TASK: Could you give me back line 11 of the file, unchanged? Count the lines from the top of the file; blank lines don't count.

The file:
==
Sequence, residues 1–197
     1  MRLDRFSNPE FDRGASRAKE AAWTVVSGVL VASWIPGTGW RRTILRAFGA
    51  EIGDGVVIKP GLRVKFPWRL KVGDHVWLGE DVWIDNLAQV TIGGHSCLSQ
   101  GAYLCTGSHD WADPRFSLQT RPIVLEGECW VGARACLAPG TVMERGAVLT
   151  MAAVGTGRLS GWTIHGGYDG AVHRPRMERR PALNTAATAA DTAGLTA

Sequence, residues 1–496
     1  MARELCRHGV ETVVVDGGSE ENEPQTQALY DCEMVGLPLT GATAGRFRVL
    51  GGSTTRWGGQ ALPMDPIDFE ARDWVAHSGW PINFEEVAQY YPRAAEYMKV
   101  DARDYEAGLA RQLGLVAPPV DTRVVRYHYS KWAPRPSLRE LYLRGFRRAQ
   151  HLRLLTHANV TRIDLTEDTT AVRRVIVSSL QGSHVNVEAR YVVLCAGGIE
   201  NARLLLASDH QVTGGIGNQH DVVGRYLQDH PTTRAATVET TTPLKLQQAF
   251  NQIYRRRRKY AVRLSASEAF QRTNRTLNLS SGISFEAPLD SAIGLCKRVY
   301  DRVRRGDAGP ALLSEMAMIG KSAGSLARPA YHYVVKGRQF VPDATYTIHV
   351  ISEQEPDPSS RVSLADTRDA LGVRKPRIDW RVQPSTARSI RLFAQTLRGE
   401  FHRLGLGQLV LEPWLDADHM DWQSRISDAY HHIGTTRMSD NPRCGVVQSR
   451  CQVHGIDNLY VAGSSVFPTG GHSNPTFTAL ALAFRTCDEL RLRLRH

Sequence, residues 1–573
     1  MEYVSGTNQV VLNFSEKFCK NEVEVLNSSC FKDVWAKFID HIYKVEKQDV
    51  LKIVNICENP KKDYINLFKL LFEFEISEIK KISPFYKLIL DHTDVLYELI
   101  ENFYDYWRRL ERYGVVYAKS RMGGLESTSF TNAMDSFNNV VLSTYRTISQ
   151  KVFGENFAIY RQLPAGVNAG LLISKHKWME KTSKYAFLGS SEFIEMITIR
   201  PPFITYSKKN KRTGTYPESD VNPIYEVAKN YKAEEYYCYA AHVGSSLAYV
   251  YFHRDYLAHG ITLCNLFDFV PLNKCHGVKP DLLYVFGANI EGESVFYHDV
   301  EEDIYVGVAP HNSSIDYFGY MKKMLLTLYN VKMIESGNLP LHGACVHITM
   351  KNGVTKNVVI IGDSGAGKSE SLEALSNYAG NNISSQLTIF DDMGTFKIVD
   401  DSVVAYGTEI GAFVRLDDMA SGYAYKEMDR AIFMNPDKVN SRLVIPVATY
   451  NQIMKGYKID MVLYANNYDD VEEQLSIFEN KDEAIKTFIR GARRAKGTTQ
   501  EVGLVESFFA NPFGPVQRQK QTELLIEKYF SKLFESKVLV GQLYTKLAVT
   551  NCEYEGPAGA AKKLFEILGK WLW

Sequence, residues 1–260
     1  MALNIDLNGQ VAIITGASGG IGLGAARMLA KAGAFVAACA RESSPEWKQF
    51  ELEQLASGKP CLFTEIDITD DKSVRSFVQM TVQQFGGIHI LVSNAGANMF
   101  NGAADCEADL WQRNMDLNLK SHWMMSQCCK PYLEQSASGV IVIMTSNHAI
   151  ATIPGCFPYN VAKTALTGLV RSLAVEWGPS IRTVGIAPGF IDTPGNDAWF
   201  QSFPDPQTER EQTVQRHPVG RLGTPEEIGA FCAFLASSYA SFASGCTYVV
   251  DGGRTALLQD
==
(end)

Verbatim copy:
   201  NARLLLASDH QVTGGIGNQH DVVGRYLQDH PTTRAATVET TTPLKLQQAF